First Intel-based Macs unveiled

First Intel-based Macs unveiled

Apple has introduced its first computers that run on Intel’s latest processor, six months ahead of the schedule it outlined last year.

The company’s chief executive officer (CEO) Steve Jobs unveiled a long awaited new notebook line and two new iMac desktops at the Macworld Conference in San Francisco this week.

Intel's Core Duo processor will be used inside a 15.4-inch MacBook Pro notebook as well as in a 17-inch and a 20-inch iMac computer. An iMac computer uses an all-in-one design where the computer's motherboard sits behind the display.

The new systems are up to five times more powerful than comparable notebooks using the G4 processor, says Jobs.

"It’s not a secret we've been trying to shoehorn a G5 [processor] into a notebook, and have been unable to do so because of its power consumption," Jobs says. The G5, or PowerPC 970FX processor, is used in Power Mac desktops and iMacs but Apple never released a version of its notebook lineup with the chip. The Core Duo processor provides roughly five times as much performance per watt of power consumption as the G4 or G5 chips, Jobs says.

The 2.52 kilogram notebook comes with an Apple-developed technology called MagSafe, which is designed to prevent a user's notebook from flying off the table when someone trips over the power cord. MacBook Pros will use a power cord that is magnetically attached to the notebook, so if the cord gets yanked it merely detaches from the notebook rather than taking the notebook with it to the floor, Jobs says.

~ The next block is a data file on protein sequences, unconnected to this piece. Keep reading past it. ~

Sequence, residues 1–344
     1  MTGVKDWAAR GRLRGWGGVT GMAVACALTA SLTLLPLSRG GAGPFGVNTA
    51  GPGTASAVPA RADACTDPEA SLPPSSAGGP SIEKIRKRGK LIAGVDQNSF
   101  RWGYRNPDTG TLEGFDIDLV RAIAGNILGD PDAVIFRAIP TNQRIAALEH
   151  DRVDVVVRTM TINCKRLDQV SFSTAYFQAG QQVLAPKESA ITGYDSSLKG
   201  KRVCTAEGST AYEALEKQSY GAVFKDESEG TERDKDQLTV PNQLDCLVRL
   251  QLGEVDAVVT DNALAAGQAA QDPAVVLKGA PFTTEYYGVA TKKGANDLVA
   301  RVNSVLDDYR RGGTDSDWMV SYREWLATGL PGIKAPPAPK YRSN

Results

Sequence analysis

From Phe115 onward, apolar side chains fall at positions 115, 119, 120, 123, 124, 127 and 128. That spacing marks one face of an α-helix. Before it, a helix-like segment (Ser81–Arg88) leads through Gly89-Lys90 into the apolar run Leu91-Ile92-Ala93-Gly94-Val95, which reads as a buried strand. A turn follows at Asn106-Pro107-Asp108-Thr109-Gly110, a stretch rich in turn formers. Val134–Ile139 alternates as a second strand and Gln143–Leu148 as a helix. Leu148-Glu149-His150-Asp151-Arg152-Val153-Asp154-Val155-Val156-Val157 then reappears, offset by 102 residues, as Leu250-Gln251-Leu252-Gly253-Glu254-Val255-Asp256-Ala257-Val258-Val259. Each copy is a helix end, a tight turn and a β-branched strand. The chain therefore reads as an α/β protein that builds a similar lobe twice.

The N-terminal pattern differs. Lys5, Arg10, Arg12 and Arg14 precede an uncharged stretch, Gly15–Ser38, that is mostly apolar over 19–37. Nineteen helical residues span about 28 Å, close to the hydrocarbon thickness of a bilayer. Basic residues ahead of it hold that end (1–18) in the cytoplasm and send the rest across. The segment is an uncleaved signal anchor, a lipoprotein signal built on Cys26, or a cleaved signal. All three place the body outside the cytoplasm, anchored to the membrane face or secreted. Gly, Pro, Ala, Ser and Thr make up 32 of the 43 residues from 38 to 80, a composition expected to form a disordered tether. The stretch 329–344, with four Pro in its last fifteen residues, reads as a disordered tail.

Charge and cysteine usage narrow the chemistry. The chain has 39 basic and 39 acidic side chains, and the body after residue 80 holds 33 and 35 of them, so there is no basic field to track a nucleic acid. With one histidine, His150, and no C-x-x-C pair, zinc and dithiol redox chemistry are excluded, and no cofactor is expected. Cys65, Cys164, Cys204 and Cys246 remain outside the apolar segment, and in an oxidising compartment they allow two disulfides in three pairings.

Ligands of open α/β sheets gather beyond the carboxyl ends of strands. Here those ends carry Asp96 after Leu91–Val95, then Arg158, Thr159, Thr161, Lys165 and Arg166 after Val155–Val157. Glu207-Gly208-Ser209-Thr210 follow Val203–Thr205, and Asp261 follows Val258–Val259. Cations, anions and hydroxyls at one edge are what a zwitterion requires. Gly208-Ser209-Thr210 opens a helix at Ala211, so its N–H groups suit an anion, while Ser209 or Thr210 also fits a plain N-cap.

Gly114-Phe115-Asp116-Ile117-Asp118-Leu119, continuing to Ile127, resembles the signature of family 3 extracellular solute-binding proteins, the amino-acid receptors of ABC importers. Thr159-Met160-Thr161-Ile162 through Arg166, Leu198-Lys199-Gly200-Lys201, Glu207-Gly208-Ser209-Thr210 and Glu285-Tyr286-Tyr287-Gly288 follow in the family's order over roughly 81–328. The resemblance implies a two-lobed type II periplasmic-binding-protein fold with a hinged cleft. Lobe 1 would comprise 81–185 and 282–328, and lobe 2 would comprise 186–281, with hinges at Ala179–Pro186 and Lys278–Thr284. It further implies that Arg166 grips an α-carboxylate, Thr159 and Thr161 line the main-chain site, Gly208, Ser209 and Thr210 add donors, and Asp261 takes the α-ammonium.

Two new versions will be available from February for US$1,999 and $2,499, respectively.

For $1,999, the MacBook Pro comes with a 1.67GHz Core Duo processor, 512M bytes of DDR2 (double data rate 2) SDRAM (synchronous dynamic RAM), an 80 GB hard drive, Apple's DVD/CD burner SuperDrive, a Mobility Radeon X1600 graphics chip from ATI Technologies with 128 Mb of video memory and integrated wifi support. The $2,499 version features a 1.83GHz Core Duo processor, 1G byte of DDR2 SDRAM, a 100 GB hard drive, the SuperDrive, the X1600 graphics chip with 256M bytes of video memory and integrated wifi support. Both systems ship with Apple's Front Row media software and an infrared remote control.

The new iMacs are shipping now and will be the same price as previous systems.

Intel's Core Duo processor is built from two Pentium M processor cores and was introduced last week at the 2006 International Consumer Electronics Show in Las Vegas.

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